I am installing my flap switch in my Stol CH-750 with dual sticks and a center mounted throttle and I am trying to decide what type of flap switch to install and I am looking at two different paths. 

-The first way is to use a switch that is OFF in the center and MOMENTARY on  in both the up and down position.  

            This would allow me to put the flaps down and up as much as I needed , which allows me to slowly bring the flaps up in a go-around. BUT, I have to have my hand on it the entire time the flaps are coming up. 

-The second is a switch that is OFF in the center and ON in the up position and MOMENTARY on in the down position.

                  This would let me put the flaps down as much as needed and in a touch and go, I would simply switch it UP and the flaps would retract and the flap motor limit switch would stop the flaps in the up position. 

Which is the best way to go?

      

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Hi Jeff, thank you for the reply and schematic. I may not have the correct idea of the switch connections according to your schematic.  My motor has internal limit switches for sure. I bought a switch that has 3 prongs, so, it looks like my switch will not work. I haven't got to the stage of hooking it up so I didn't realize it yet :) .

You schematic will be a big help, thank you!

Update... Below, Jeff posted a 6 terminal switch that should work. The one I posted above should be disregarded, 

I owned a Grumman Tiger for five years in the 1980's and it is a wonderful airplane. The Tiger (and all the Grumman/Gulfstream single engine planes) use a flap switch exactly like what you describe - center off, down spring loaded back to off, up locks in place. The arrangement works wonderfully, in my opinion. The electric flap retraction is slow enough that the plane tends to accellerate at a pace that matches up with the flap retraction pretty nicely, it went well every time I did it. If you do think you might be retracting flaps faster than is safe, all you need to do is put the flap switch back to the middle for a moment to stop the flap retraction. Once you have gained a bit of speed you can then pop it back into the flaps up position and let it finish the job on its own. The "stay in the retract position" function is also very nice during touch and go landings, just pop the flap switch to up and let it do it's own thing while you reset the trim and scan the departure track, then do a no flap takeoff.

Grumman did publish one caution that would be relevant to this discussion -- if, while extending the flaps, the pilot jerks the finger off the swich and lets it snap back to the center "off" position, there is a chance that inertia will carry the switch handle through the "off" detent and pop it into the flaps "retract" detent. Once in that "retract" detent it stays there so you can end up with your flaps retracting without your being aware of it.

The Grumman solution was to direct the pilot to PLACE the flap switch back to the middle "off" position rather than let it SNAP back into position. I think this would be a wise procedure to use in a Zenith equipped with such a switch. The problem gets more possible, by the way, if you have a flap shaped handle (which adds extra mass to generate extra inertia when letting the switch snap back to the middle) attached to the flap switch toggle as shown in the photo that accompanied the initial post for this discussion. The Grummans have a flap shaped handle attached to the toggle also, as do the big planes I flew in the military and airline - it is a good way to confirm by feel that you have the correct switch, I like it and plan to give my flap switch that style of handle. I plan to give the landing light switch(s) a special shaped handle also so one can confirm the right switch by feel. Being able to grab, confirm and operate the flap and light switches by feel can be very convenient in challenging approach situations.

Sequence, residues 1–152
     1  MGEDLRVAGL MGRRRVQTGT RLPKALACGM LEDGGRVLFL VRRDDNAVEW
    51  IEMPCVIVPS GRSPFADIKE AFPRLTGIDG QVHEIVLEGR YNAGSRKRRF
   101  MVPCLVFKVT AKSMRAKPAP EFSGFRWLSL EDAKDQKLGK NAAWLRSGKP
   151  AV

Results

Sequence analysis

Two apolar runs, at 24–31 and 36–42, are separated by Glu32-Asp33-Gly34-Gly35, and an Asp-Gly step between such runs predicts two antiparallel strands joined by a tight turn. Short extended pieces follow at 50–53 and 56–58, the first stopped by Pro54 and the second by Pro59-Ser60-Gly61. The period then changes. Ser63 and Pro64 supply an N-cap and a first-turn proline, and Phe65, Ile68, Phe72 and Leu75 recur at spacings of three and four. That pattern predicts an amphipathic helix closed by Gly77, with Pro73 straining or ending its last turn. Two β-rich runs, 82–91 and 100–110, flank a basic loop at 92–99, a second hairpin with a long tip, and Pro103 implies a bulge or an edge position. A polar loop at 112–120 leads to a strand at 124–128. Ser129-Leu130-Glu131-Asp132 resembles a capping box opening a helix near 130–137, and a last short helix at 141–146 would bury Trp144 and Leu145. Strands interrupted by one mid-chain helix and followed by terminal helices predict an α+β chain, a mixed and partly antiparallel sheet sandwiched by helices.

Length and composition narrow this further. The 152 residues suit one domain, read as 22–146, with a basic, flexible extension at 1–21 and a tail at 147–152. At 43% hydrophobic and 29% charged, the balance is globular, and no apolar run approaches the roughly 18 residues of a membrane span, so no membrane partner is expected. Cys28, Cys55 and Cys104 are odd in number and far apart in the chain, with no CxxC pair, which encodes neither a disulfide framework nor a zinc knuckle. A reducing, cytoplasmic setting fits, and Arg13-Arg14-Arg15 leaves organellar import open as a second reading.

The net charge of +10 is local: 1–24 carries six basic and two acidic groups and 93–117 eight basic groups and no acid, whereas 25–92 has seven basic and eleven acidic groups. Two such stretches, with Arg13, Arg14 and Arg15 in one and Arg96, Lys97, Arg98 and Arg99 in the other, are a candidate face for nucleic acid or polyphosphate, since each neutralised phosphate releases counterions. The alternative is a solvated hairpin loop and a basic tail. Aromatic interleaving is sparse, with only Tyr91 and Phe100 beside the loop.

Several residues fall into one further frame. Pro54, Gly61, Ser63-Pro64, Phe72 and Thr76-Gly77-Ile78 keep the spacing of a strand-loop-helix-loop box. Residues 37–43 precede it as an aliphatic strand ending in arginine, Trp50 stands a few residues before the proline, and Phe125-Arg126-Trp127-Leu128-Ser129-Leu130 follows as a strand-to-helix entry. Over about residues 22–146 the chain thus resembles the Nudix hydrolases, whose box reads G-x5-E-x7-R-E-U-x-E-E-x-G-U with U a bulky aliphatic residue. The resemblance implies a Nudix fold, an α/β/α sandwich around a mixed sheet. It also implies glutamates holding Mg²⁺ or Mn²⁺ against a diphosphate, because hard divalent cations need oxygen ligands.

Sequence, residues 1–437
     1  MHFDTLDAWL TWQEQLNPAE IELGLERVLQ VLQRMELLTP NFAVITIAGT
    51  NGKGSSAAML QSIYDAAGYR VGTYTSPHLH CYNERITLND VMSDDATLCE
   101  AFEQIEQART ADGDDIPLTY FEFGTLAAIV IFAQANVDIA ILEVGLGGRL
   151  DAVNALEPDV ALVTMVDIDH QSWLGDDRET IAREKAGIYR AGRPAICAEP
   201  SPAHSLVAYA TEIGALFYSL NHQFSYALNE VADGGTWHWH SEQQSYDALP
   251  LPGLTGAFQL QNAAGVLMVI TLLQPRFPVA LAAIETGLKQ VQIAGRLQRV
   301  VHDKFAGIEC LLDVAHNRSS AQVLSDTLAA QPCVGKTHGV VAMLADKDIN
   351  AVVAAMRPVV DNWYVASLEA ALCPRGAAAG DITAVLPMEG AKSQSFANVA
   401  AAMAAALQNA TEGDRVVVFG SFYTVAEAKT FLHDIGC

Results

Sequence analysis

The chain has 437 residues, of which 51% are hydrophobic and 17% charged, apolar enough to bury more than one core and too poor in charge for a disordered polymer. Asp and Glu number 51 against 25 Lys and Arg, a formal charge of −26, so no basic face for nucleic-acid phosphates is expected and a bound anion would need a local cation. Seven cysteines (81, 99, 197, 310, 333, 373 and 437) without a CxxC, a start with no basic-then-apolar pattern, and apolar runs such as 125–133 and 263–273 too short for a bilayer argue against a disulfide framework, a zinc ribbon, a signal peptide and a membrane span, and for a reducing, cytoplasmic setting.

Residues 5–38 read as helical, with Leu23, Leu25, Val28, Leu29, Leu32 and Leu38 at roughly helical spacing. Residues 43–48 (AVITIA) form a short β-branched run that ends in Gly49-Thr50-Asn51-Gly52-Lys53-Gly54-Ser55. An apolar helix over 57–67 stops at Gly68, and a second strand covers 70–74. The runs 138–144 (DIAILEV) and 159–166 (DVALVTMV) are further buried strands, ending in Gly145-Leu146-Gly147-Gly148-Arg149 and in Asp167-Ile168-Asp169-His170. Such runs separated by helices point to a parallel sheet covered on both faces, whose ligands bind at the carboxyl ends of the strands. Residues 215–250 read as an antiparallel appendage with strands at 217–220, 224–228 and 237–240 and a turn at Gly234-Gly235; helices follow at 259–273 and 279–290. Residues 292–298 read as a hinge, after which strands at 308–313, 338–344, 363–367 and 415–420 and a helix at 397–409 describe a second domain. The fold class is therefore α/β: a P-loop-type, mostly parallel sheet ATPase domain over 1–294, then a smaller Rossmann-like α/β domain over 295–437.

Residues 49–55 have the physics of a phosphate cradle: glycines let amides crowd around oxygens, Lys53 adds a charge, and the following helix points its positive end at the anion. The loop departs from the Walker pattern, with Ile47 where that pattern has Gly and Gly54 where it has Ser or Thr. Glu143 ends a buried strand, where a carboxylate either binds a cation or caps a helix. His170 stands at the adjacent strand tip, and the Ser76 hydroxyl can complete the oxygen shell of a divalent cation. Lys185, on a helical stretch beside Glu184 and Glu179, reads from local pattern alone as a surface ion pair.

Bob, thank you for the very informative post! You discussed some very important details about the switch operation. I didn't think about the simple act of just placing the switch back to the off position in a go-around and stopping the flaps from going up to fast. Thank you again! 

Steve,

I think either flap switch will work just fine.  I flew with slats for a while, but most of my experience has been without slats.  The "slat people" comment quite a bit that "they hardly ever use their flaps," so you'll be fine whether you deploy the flaps or not! Haha!  If you go the "slatless" route, you'll find you DO use the flaps a lot more, but it is no big deal in a go around because the 750 will climb just fine with full flaps deployed!  In fact, it's another one of those weird-but-fun things you can do in a 750: do a full-flap take-off - the darned thing goes up like you're in an elevator!  :>)

For the above reasons, that's why you'll be be fine whichever flap switch appeals to you!

John

N750A

P.S. ... It's past time that I fly up again to check on your build!  :>)

John, I hoped you would chime in! Thank you for the info. I will not be using slats, so I will using some flaps then. 

  I will be using the up ON switch  then, makes more since to me!

I hope to have my first engine run in a month, maybe you could fly up around this time and give it a good eyeball! I would love to see ya!

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